Results 1-10of 17 Reviews
Gravesend, United Kingdom
October 3, 2013
From journal A weekend in Brussels!
Moscow, Moskva, Russia
September 7, 2013
From journal cultural and political center of Europe
Blackburn, England, United Kingdom
December 17, 2011
From journal A Christmas Weekend in Brussels
CA1 1LA, England, United Kingdom
January 1, 2011
From journal Surprisingly interesting Brussels
Cary, North Carolina
April 28, 2009
From journal Eating Our Way Through Brussels in One Day
by Mandan Lynn
Smithwick, South Dakota
August 5, 2006
From journal Belgium: Waffles, Chocolate and More!
by wanderer 2005
June 17, 2005
One such story (with many variations) places our "Wee Boy" as the savior of the city, drowning out the flames of a deadly fire with his wee-wee. Another variation is that he, with precise aim, extinguished the fuse that would have caused a devastating explosion. Another story has our fellow as a street urchin who was unwise enough to relieve himself on the doorway of an evil sorcerer, who then condemned him to that position and to pee for eternity. Pick whichever you like, but you must take the short walk to see it. They even have costumes for him for different times of the year, like a Santa suit.
Records indicate that the original Mannekin Pis was created in 1388. It was destroyed many centuries later. He has also been stolen seven times during his long life on display and recovered each time. One man, Antoine Lucas, was sentenced to 20 years in prison when, in 1817, he ripped the statue from its base and fled with it.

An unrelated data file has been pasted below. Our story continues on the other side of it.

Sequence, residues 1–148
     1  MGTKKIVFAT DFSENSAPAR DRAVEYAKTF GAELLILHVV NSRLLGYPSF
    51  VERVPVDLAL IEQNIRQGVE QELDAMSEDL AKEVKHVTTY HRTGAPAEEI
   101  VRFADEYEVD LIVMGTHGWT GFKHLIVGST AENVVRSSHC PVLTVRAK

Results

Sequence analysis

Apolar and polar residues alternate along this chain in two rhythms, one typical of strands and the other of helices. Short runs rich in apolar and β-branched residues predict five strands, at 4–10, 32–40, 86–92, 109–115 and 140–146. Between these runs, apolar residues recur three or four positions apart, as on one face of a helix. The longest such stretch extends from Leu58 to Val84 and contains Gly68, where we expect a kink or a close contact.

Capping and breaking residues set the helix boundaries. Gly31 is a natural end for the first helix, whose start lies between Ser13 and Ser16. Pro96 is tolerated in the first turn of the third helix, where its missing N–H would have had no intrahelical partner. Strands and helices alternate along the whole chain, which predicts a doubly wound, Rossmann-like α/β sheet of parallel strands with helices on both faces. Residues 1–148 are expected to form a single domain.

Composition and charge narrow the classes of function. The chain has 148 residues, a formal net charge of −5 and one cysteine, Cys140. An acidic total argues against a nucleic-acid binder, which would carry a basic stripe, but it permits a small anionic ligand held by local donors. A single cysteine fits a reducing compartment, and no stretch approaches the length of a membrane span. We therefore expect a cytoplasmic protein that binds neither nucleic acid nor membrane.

The attraction is free of charge, and there are signs pointing to it on the street. It's easy to miss, so pay close attention to the direction the signs point in. There are a few chocolate shops down the street from him, so INDULGE.
From journal Historic Brussels
April 27, 2005
From journal Walk Around Brussels in a Day
April 7, 2005
Jerome Duquesnoy made the statue the Elder in 1619. It is sculpted out of bronze and during its existence ahs been stolen, smashed, rebuilt, and much, much more. Therefore, the history behind the Manneken-Pis is long, if not distinguished.
Perhaps the most notable thing about the statue is that on special occasions, he is dressed up in outfits. I believe that this is every second Tuesday and special events (check on the dates--I don’t want you to go on the wrong day). He has received outfits from all around the world and everyone from state leaders to girl scouts to the Elvis fan club. I believe that there is a museum nearby that displays all of his outfits if you are interested. One of the days that I was there, he was dressed as a Swiss guard, and let me tell you, it is a very elaborate dress.
Just to let you know, there is an iron gate that surrounds the Manneken-Pis, and it can be quite high for some people. It is sometimes necessary to go back a bit in order to get a better view, but be aware of the cars that will not stop for you.
If you are interested in purchasing a souvenir of the statue, there are plenty of shops nearby. They have a wide range of Belgian trinkets in these stores, as well as the symbol of the Manneken-Pis on every possible souvenir that you could ever think of.
The Manneken-Pis is a short walk from La Grande Place; I would guess about three blocks. Therefore, it is entirely possible to do both of Brussels monuments in the same day.
While the statue may be nothing more than a little boy relieving himself, it is considered a part of Belgian/Brussels history, and I would suggest, if you are in Belgium, taking a look at the little boy.
From journal Sensory Delight: Brussels, Belgium
June 16, 2004
Hordes of tourists shoot him from every angle and he's got a wardrobe that would put Carrie Bradshaw to shame. You can see all his outfits—from samurai and firefighter to Elvis and Tintin—at the museum inside the Maison du Roi. Don't miss it.
From journal Must-See Brussels